In a typical session Students learn joint examination techniques and are able to see and feel the joints of patients with a variety of MSK problems. The students realize the impact of arthritis better with a personal story along with the feel and look of damaged joints and restricted movement.  Feedback from students indicate that it is a better learning tool than pictures or a didactic lecture.

The last time I saw my orthopedic surgeon, the Fellow who was working with him had encountered the program in the Maritimes several years previously when he was a student . He remembered the session well.
One way used to demonstrate the feel of an inflamed joint is through the use of chocolate covered almonds and grapes.  No surprise to my fellow patients to hear that it's the squishy grape that feels like an inflamed joint.
Grapes from                

This is a successful 'hands on' Canadian program which I wanted to spotlight.

Saturday, 20 April 2013

Peer To Peer Mentoring

When I joined the research study for "Peer to Peer Mentoring For Individuals With Early Inflammatory Arthritis" I expected to be sharing information with others who had a new diagnosis of inflammatory arthritis. I did not count on learning so much myself.

This program appealed to me greatly.  When I was first diagnosed with RA (rheumatoid arthritis) I would have appreciated meeting someone who could give me tips and a viewpoint about RA based on life experience.  What I wished for was a friend who could help me.

Upon diagnosis I knew very little and had no support. My doctor at the time was a good source of information but interactions with him were limited.  It was lucky for me that I was admitted to hospital when I was diagnosed to start aggressive therapy. There I met a support team of professionals.  Since this was before easy access to the internet they and my doctor were the only help I had.
                                      Rheumatology waiting room (Sunnybrook HSC)

After 10 years with RA I finally began educating myself about my health problems and the health system.  When I volunteered to join the Peer Mentor program one prerequisite for participation was taking the Arthritis Self Management Program through The Arthritis Society. Though it seemed like a formality at first I learned from the program and from the other patients.

Of course for a research study the knowledge level among the mentors had to be consistent so all participants were in for some serious training. When the training started I was presented with a five pound binder full of resources and information and participated in amazingly good instruction with the other mentors and the research team.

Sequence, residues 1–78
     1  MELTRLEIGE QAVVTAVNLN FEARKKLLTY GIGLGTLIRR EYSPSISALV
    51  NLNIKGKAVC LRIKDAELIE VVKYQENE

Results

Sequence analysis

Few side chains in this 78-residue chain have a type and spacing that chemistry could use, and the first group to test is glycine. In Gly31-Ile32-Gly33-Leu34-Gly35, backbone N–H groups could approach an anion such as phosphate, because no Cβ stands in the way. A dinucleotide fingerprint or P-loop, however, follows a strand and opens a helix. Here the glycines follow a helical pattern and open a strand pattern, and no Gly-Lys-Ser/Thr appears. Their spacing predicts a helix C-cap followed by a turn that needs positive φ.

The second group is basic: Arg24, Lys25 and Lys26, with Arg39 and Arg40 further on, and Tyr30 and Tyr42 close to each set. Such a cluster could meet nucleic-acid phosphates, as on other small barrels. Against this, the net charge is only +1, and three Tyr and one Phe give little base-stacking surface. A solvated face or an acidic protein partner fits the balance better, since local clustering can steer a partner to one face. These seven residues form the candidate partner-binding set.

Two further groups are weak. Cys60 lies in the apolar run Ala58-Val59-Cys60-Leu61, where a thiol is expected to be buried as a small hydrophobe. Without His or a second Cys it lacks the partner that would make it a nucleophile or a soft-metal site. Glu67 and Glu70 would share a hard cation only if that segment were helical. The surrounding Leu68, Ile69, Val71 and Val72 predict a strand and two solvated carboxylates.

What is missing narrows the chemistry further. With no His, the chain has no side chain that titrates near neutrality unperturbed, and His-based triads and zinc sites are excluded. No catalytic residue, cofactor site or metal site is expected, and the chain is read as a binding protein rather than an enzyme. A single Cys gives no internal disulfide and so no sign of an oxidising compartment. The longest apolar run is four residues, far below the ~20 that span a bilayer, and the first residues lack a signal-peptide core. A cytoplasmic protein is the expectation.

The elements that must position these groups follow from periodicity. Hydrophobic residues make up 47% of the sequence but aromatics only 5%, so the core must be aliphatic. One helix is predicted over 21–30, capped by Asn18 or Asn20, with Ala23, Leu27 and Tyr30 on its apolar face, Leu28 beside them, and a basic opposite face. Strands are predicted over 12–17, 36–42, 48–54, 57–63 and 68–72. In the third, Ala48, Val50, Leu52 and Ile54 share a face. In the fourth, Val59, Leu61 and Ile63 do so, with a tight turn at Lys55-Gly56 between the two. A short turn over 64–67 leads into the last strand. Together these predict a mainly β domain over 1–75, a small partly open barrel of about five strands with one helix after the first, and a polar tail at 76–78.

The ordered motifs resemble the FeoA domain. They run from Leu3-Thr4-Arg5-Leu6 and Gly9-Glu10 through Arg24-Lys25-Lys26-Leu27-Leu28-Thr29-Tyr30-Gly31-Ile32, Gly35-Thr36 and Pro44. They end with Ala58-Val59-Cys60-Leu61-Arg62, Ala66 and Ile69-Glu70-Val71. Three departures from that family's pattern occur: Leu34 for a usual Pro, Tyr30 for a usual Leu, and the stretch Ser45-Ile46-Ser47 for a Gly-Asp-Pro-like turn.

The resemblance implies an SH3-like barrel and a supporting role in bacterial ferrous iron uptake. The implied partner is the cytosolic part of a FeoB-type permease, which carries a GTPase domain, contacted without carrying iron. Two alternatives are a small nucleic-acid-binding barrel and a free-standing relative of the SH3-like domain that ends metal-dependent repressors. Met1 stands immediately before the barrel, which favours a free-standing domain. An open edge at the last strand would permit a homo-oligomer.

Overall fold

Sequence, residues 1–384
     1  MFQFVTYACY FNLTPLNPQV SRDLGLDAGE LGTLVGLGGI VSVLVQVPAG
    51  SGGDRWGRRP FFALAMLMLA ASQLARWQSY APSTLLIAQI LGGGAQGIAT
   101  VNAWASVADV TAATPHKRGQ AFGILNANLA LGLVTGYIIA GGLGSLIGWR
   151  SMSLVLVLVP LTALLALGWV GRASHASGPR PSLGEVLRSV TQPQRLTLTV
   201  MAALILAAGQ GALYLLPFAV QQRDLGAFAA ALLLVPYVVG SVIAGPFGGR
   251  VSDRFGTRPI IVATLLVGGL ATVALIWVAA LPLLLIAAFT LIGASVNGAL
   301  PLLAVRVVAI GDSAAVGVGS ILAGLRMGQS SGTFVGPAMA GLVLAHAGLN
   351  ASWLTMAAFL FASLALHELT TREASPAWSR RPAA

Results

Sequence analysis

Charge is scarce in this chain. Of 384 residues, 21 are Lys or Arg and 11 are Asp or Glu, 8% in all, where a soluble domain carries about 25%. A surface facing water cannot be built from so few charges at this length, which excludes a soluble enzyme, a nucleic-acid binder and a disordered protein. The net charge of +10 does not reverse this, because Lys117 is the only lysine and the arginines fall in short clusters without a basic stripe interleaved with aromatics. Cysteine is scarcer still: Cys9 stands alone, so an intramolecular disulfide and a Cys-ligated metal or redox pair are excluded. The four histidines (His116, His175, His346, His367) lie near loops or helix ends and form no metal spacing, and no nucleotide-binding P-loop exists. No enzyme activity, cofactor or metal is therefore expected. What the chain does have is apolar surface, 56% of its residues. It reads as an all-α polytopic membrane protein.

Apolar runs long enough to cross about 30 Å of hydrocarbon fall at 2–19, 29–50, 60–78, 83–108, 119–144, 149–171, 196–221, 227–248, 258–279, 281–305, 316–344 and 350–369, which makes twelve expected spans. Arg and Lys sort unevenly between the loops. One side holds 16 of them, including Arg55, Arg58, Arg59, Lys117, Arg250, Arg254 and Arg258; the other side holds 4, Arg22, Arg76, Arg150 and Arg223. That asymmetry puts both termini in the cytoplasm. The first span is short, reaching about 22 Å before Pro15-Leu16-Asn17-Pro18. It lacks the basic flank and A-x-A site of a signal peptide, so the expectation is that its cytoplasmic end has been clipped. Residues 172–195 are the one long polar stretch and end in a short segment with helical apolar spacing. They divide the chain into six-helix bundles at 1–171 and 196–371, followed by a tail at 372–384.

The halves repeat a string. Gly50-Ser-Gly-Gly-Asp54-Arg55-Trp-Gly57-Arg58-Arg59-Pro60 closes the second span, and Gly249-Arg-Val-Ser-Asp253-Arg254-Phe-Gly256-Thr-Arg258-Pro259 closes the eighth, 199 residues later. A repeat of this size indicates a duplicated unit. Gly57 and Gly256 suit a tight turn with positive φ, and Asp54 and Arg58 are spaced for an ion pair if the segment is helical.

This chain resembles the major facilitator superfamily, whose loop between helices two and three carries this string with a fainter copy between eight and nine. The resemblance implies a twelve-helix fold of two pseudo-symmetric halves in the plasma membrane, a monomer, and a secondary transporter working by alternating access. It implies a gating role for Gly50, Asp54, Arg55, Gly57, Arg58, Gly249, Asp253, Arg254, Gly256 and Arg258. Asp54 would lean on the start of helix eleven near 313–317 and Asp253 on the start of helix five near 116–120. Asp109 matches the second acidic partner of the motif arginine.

My 5 pound binder

The program was terrific for me.  I gained a lot of confidence in my ability to help someone with Early Inflammatory Arthritis without being too overwhelmed. Another great piece of learning was to stop and listen more. If you talk too much you never hear anything.  In fact what I learned about goal setting was a big help to me in my working life as well.
The other mentors who I met in the program had such a diversity of strengths. Everyone contributed to the learning process.

Here is a brief overview from The Arthritis Society site:  Peer to Peer Mentoring for Individuals with Early Inflammatory Arthritis (EIA)

And here are the papers published by Dr. Mary Bell and the team:

The experience and impact of chronic disease peer support interventions: A qualitative synthesis

Peer To Peer Mentoring: Facilitating Individuals with Early Inflammatory Arthritisto Manage Their Arthritis – Exploring Learning and Support Needs

Peer-to-peer mentoring for individuals with EIA: feasibility pilot

Wednesday, 17 April 2013

The Whole Blog in a Wordle

The idea of doing a wordle and having the whole blog encapsulated in one image was exciting. 

It's something I have never done and since this is a week of new things here's my wordle.  You can read the whole blog in one easy picture.

It's an inspiration from the #HAWMC blog challenge.  Looking in from outside the participants seem to be having a lot of fun.

Saturday, 13 April 2013

RA Inventory

I went back and looked for my First Blog Post. It was April 4th last year so my first blog anniversary passed without notice.  There was cake in the house though so that should count as a celebration.

                                    Happy Blogday To Me!

As I sit here and take an early inventory of my joints this morning my neck has news for me.  It is fed up with holding my head up all day every day and wants a day off.  It hurts to turn my head and the nerves in my scalp are prickling. In fact the pain is camouflaging a headache or else the pain gave it to me. 


Then there are those other major muscles - the sit down ones are stiff and sore.  They don't want to work today either, and my fingers would rather not bend.  Knuckles hurt and no video games today says the wrist (and the rheumatologist) --  in fact these hands won't let me spell right either on the first attempt. 

Feet are saying what did you do yesterday? We never agreed to that

Even the shoulders - "What! you want to type? Not us, not us"